Bloodlines Presented By The Virginia Thoroughbred Association: American Pharoah Off To Soaring Start

by | 01.07.2020 | 9:43am
Four Wheel Drive, ridden by Irad Ortiz Jr., wins the Breeders’ Cup Juvenile Turf Sprint on Breeders’ Cup Championship Friday at Santa Anita Park in Arcadia, California on November 1, 2019. John Voorhees/Eclipse Sportswire/Breeders’ Cup/CSM

What seemed a certainty in the last weeks of the 2019 racing season is now official: Triple Crown winner American Pharoah (by Pioneerof the Nile) is the leading freshman sire in North America. The bay champion is also ranked second overall among all sires of 2-year-olds behind only the overall leading sire of 2019, Into Mischief (Harlan's Holiday).

From the initial efforts of the first racers by American Pharoah, it was obvious that many of them had athletic talent, and the stallion's tally of winners grew throughout the season to 27 by the season's end, and he was tied with Constitution and Tapiture (both by Tapit) for the greatest number of winners by a freshman sire last year. In fact, except for the arrival of 'The Pharoah,' the big story of this year's freshman crop would be the dominant importance of Tapit as a sire of young sires. Clearly in the performance of the juvenile stock by Constitution, the sire of five stakes winners, including four graded winners, Tapit has a son of eminent ability.

As good as Constitution proved with his first crop, the key to American Pharoah's success at the top of the freshman sire standings was the consistent quality of his offspring. Last year, four of his first-crop racers won stakes and three won graded stakes, including Four Wheel Drive, winner of the Grade 2 Breeders' Cup Juvenile Turf Sprint, and Sweet Melania, winner of the G2 Jessamine Stakes. Furthermore, the sire has a half-dozen stakes-placed horses, including Monarch of Egypt, second in the G1 Phoenix Stakes in Ireland, and American Theorem, second in the G1 American Pharoah at Santa Anita.

The most surprising aspect of American Pharoah's stud career to date is that all his stakes winners showed their form on turf, with only stakes-placed American Theorem getting a premium placing on dirt. This may mean relatively little in the long run, but the obvious fact that the horse's stock race well on turf has elevated his profile among breeders and buyers in Europe and Australia, where nearly all the racing is on turf. That is going to make the American Pharoah stock all the more popular around the globe, especially if they progress as expected into their second season of racing.

On New Year's Day, Prince of Pharoahs ran second in the Jerome Stakes on dirt, and many of the sire's offspring seem certain to improve notably at 3. Aside from the fact that many showed turf form, the American Pharoah stock surprised just a bit by being quite so precocious.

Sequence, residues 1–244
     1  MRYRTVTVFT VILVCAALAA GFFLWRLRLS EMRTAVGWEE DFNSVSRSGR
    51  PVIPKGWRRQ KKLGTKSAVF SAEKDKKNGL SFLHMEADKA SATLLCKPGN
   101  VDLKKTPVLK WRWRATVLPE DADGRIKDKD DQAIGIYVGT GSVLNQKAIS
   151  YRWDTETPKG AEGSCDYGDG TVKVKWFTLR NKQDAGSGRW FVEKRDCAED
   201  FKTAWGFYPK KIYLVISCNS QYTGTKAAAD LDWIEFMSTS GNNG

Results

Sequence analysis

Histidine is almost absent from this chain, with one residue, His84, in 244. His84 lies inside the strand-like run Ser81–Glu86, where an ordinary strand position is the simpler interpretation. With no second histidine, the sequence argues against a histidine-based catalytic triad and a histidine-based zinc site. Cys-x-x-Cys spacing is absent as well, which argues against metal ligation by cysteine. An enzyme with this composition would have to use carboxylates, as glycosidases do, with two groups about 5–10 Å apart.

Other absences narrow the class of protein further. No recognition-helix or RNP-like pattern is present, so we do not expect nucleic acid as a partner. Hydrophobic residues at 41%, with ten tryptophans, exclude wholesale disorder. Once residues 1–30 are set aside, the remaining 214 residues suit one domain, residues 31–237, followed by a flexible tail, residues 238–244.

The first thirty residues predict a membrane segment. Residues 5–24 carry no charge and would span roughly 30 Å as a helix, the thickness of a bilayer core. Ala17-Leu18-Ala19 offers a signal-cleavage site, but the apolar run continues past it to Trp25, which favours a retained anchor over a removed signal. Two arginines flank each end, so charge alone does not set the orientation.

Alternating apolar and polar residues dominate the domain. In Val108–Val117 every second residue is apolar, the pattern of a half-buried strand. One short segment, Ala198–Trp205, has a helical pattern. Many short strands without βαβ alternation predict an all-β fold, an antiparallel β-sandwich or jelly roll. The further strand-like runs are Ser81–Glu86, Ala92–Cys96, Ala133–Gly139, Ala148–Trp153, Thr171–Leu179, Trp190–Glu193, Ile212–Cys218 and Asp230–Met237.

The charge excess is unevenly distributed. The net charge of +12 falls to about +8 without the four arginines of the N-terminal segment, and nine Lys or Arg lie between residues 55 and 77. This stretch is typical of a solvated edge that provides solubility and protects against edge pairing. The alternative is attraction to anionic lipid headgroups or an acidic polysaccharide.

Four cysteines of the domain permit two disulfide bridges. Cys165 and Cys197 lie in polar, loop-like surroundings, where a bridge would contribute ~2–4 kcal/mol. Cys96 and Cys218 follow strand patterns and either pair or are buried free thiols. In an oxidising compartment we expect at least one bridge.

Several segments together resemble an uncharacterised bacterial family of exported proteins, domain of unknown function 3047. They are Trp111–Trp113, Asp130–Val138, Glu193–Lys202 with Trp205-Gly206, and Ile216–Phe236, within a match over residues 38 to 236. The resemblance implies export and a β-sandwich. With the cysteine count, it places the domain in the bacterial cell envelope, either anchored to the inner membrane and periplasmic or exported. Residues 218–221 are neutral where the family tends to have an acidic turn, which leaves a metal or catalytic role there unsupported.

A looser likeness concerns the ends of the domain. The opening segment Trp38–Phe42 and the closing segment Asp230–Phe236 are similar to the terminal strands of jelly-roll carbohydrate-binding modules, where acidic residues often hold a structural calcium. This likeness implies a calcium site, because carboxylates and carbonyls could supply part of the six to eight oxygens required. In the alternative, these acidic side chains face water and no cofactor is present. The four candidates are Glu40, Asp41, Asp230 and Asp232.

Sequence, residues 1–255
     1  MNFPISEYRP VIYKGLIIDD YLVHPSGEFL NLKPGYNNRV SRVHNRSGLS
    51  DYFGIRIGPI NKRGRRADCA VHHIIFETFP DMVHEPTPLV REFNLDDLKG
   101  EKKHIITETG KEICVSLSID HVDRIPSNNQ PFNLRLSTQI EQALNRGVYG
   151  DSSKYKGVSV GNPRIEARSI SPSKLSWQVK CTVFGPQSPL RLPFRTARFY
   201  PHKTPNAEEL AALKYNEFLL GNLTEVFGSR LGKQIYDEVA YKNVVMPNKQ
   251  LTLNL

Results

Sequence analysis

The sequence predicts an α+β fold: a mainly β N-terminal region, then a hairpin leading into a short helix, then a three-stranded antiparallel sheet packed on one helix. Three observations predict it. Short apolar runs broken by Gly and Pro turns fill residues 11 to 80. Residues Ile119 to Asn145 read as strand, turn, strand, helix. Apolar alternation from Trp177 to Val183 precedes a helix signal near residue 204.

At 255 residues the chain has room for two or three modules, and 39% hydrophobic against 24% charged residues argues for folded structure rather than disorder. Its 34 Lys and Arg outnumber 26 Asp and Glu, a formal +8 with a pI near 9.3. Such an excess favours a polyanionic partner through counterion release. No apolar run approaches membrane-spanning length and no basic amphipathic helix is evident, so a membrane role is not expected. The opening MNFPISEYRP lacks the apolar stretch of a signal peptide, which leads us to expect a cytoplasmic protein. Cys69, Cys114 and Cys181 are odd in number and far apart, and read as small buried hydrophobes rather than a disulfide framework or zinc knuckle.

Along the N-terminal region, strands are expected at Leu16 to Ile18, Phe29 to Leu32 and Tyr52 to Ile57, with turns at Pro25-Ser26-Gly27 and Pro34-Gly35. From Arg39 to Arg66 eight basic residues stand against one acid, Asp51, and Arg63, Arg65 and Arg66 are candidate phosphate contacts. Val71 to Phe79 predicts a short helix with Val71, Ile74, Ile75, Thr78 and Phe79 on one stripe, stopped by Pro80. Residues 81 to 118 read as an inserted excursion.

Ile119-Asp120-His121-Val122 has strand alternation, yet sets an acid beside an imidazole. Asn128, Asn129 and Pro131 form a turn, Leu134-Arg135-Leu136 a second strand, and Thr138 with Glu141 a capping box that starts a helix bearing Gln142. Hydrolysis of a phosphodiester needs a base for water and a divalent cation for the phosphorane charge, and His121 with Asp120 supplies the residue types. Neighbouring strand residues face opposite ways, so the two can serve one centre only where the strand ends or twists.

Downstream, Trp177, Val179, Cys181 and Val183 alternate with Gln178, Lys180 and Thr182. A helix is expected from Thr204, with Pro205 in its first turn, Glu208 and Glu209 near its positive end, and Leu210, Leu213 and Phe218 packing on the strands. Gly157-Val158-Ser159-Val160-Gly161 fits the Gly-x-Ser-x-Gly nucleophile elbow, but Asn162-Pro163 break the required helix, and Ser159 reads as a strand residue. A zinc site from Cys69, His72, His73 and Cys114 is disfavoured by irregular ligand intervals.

As a racehorse, American Pharoah was notable for the effectiveness of his stride, and the dominant factor in his superiority to his contemporaries was the horse's ability to stride out and maintain that stride and high cruising speed over a distance of ground. While nobody was interested in testing the classic colt against specialist sprinters, the divisional champion at 2 and 3 would have made such horses earn their hay if he'd been thrown in against sprinters at their preferred distance.

Setting one's sights on the classics, however, was the route to equine greatness, and American Pharoah obliged with the first Triple Crown in 37 years. There is, furthermore, every reason to expect that some of his stock will find greater success over classic distances, whether in America or Europe.

In terms of pedigree, this line descending from Unbridled (Fappiano) has shown consistent improvement in its stock from 2 to 3 and from a mile to longer distances. Unbridled himself won the Kentucky Derby and was second in the Preakness; Empire Maker was second in the Kentucky Derby and won the Belmont; and Pioneerof the Nile was second in the Kentucky Derby, finishing second to Mine That Bird.

Phenotypically, some of the quicker juveniles by American Pharoah were noted for being rather different than their sire, but the ones making the greater impression later in the season were individuals with many of the characteristics of their sire. They tend to be good-size, rather scopy, horses with good length through the body and good muscling to the shoulder and hindquarters. They are not, however, apt to be confused with sprinters; these are horses that want to go at least a mile, probably somewhat farther.

Getting a classic winner from his first crop would seem to be expecting rather too much, but American Pharoah has obliged by getting attractive and athletic-looking stock, which were appreciated by the commercial market, and by getting effective racers that have elevated him to leading sire among his contemporaries. Ranking second in the overall standings of juvenile racers, American Pharoah is lodged between a pair of powerhouses: Into Mischief in first and Uncle Mo (Indian Charlie) in third. That is elite company, indeed, and if the promising young sire continues to excel, the sky is the limit for his stock and his eventual impact on the breed around the world.

Frank Mitchell is author of Racehorse Breeding Theories, as well as the book Great Breeders and Their Methods: The Hancocks. In addition to writing the column “Sires and Dams” in Daily Racing Form for nearly 15 years, he has contributed articles to Thoroughbred Daily News, Thoroughbred Times, Thoroughbred Record, International Thoroughbred, and other major publications. In addition, Frank is chief of biomechanics for DataTrack International and is a hands-on caretaker of his own broodmares and foals in Central Kentucky. Check out Frank's lively Bloodstock in the Bluegrass blog.

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